Worbla is relatively easy to cut using scissors or a scalpel. It can also be heated slightly to make it more pliable when cutting.
In order to shape and form Worbla you need to heat it. The most common and easiest way to do this is with a heat gun. A 1500W hot air gun is recommended. You can also use an iron or hot steam, however you will have much less control.
Once it has reached its working temperature of approximately 70°C to 90°C (158 °F to 194°F), it is hot enough to form and will stay workable whilst warm. After it has cooled it will stay in the formed shape but can be re-heated if needed. Hot Worbla will also stick to surfaces so it is best to work on a heat proof surface. You can also wrap a cutting mat in tin foil and work on that.
Heating Worbla activates the adhesive allowing it to stick together without the need for additional glue. Worbla’s Finest Art is much stickier than Worbla’s Black Art. Worbla can be sculpted and shaped free hand or formed over a simple object to create the shape you need.
Worbla is quite thin and even though it is sturdy enough by itself for small pieces; for armour, props and weapons you will need to sandwich another material, such as Plastazote or craft foam, in between two layers of Worbla.
Craft foam can be added to Worbla for smaller details and will stick to it without the need of additional glue. You can also build up layers of Worbla for added strength and depth.
The ‘scrap’ and left over pieces of Worbla should be kept as these can be heated and then sculpted into shapes in a way similar to working with modelling clay.
Larger scraps can also be heated and formed back into a larger sheet by using a rolling pin or iron.
Worbla gets extremely hot and if you are sculpting it by hand you need to be careful. You can wear heat proof gloves, however this will make it slightly harder to shape the Worbla and some gloves may leave a residue on the Worbla. You can also try dipping your fingers in cool water before handling the hot Worbla.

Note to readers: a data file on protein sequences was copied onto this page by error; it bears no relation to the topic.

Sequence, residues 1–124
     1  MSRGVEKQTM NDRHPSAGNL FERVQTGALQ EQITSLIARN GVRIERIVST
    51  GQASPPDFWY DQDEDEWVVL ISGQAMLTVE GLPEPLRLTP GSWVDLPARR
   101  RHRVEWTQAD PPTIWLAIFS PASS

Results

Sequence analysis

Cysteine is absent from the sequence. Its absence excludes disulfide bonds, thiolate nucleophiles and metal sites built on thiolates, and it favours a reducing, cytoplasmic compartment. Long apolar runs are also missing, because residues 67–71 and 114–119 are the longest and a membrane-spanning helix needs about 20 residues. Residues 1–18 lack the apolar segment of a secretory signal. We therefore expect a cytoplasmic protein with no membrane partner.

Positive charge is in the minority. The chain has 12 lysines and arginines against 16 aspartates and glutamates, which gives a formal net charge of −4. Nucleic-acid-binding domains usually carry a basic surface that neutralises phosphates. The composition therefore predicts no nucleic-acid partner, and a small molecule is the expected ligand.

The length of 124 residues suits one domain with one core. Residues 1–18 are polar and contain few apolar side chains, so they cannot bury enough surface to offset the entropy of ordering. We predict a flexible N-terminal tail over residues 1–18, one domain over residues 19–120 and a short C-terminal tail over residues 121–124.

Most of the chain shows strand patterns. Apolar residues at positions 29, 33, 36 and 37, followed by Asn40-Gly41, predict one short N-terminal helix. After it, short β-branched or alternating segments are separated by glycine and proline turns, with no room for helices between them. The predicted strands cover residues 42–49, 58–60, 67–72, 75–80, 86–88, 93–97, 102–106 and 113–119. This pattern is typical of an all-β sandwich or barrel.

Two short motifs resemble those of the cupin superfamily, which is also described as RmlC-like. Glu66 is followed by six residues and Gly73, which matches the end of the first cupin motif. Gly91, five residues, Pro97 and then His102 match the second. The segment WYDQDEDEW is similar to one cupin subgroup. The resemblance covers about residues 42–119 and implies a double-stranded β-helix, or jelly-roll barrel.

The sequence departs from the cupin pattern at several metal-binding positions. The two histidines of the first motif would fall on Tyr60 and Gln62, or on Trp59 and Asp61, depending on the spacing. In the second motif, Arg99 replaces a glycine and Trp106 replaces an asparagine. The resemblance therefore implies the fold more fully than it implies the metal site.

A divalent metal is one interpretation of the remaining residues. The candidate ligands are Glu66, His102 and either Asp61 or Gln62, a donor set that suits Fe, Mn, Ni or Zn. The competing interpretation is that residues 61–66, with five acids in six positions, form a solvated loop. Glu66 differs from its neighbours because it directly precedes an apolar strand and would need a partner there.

Worbla can be sanded using sandpaper,
sanding blocks or a rotary tool.
Engraved details (and ‘damage’) can be achieved by using a rotary or pyrography tool.
Adding damage to prop weapons and armour can add realism and ‘history’ to your project.
The level of detail involved often turns a good prop/armour piece into an exceptional one, adding realism and depth. Worbla can also be laser cut. We offer a laser cutting service and can cut both Worbla’s Finest Art and Worbla’s Black Art.
This design is laser cut from Worbla’s Black Art and then stuck onto a hand axe blade for adding detail to a fantasy weapon.
You can also use Polymorph or Formesta granules to sculpt additional details onto the Worbla. As they are both heat activated products, the two form together well. The plastic granules will adhere better to Worbla’s Finest Art and may require extra work to allow the two products to stick together. The surface or raw Worbla is quite rough. This can be beneficial to a prop or a costume piece that requires this aesthetic, however usually Worbla will need to be smoothed and primed. Worbla’s black art has a smoother natural finish and doesn’t need as much sanding or priming.
Worbla can be painted using a brush, sponge, airbrush or spray paints. It is best to start with a darker base than your intended final colour; as this will create the look of shadows and depth. Build up the layers of paint slowly adding highlight and shadow where needed.
Look at reference material to help you with this. Adding dried blood or dirt (depending on the character or prop) can also add detail and back story to your piece.